Saturday, July 25, 2009

The Shining (1980)

Directed by Stanley Kubrick.
Starring Jack Nicholson and Shelley Duvall.
In a Nutshell: The caretakers of an isolated hotel are terrorized by an evil presence.

Stanley Kubrick is typically (or in my experience) one of the first directors that burgeoning film students gravitate towards. And why not? He’s fairly modern, has a very consistent theme of dehumanization (that many seem to respond to) and has experimented in a wide variety of genres (sci-fi, horror, war, comedy, historical epic, family drama). Though since many people believe that filmmaking begins and ends with Mr. Kubrick, I find myself to be too critical of his work, which is unfair. Even his worst work is uncompromising, tightly directed and contains at least three or four iconic scenes. Of his entire filmography, The Shining would be in the bottom half, but still deserves its classic status.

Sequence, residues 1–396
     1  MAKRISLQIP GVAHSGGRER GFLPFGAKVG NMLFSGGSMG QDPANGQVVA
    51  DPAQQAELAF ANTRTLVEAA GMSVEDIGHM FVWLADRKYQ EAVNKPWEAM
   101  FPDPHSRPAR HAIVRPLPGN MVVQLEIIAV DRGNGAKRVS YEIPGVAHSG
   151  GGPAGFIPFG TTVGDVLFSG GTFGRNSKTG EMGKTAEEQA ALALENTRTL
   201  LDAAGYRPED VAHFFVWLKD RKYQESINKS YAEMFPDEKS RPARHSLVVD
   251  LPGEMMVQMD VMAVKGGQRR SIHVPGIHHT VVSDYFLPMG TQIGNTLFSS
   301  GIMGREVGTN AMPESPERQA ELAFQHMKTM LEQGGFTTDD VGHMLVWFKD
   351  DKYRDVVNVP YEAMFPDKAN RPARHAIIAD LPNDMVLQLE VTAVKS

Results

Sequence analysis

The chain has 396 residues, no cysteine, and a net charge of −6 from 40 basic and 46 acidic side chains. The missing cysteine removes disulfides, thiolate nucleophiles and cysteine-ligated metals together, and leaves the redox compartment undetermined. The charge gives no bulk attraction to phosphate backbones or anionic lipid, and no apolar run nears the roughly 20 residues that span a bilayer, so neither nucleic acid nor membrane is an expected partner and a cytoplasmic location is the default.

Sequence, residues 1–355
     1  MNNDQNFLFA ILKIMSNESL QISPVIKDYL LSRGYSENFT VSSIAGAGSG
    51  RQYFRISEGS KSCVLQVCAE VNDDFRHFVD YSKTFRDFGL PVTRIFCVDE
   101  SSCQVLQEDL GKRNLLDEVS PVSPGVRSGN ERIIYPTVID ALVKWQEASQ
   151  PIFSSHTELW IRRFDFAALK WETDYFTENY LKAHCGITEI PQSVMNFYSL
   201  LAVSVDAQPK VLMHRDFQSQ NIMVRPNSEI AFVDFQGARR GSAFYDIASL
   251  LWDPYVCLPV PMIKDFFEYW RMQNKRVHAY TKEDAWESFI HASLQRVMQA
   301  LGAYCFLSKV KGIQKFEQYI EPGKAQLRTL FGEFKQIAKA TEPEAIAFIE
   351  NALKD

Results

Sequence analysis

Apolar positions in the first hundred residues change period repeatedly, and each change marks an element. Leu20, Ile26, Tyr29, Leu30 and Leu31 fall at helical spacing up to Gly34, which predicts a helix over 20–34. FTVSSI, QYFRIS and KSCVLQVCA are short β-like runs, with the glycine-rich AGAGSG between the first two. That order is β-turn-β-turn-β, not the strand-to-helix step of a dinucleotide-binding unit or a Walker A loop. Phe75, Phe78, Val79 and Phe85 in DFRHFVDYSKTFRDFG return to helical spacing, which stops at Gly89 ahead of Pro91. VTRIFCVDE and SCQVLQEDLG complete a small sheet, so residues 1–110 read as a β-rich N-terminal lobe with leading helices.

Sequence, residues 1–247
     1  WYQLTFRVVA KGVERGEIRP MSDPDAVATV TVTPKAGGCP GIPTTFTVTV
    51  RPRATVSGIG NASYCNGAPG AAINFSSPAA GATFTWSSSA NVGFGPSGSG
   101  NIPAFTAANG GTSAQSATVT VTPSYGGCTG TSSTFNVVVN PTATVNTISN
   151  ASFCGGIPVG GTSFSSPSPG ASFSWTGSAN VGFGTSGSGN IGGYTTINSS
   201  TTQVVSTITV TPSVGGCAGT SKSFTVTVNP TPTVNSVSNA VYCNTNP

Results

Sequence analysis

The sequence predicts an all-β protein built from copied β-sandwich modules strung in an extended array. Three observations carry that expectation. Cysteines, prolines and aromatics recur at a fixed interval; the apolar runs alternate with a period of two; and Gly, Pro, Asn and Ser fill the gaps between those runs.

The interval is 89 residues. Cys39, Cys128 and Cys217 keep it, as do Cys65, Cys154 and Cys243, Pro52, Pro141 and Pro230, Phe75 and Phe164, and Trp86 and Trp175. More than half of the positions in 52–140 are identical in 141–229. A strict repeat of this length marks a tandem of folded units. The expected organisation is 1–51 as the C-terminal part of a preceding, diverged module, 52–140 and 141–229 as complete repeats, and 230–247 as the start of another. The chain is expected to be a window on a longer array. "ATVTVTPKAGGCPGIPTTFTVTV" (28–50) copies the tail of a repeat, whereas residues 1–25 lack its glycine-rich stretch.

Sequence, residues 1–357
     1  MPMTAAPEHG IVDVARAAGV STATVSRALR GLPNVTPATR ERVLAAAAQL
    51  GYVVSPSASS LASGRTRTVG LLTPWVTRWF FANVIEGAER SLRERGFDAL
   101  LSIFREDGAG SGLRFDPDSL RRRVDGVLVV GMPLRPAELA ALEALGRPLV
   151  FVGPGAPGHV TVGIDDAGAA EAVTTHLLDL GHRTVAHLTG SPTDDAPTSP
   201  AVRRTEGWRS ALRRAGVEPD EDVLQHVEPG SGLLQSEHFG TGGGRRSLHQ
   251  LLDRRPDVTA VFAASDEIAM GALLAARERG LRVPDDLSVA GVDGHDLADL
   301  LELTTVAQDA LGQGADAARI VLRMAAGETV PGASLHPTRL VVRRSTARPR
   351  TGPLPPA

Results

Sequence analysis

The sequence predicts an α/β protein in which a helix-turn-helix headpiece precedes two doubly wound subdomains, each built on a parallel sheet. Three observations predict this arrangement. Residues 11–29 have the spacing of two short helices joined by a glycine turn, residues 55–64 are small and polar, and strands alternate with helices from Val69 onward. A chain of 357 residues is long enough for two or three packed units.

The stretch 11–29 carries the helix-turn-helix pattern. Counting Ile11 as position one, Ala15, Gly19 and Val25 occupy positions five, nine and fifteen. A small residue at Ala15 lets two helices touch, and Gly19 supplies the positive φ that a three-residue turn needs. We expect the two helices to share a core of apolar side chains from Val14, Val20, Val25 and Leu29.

Unlike most modern horror movies that pile on cheap shocks and gore, The Shining runs on a looming dread and a menacing atmosphere. The scenery takes on a life of its own, courtesy of Kubrick’s expansive framing, with shots that continually track the Torrance family (on par with the hotel’s portrayal as an omnipresent entity). Jack Nicholson’s Jack Torrance deviated a lot from Stephen King’s character, and rather than succumbing to cabin fever from his own alcoholic weaknesses, was instead a murderous psychopath all along. It is understandable why King and King fans would be upset at this change; Jack’s progression from family man to murderer feels less organic and more expected. It lessens the shock, but to judge the movie on its own terms, that Jack’s murderous tendencies were always there, then the film’s build to the rampage is as ominous as inevitability can be.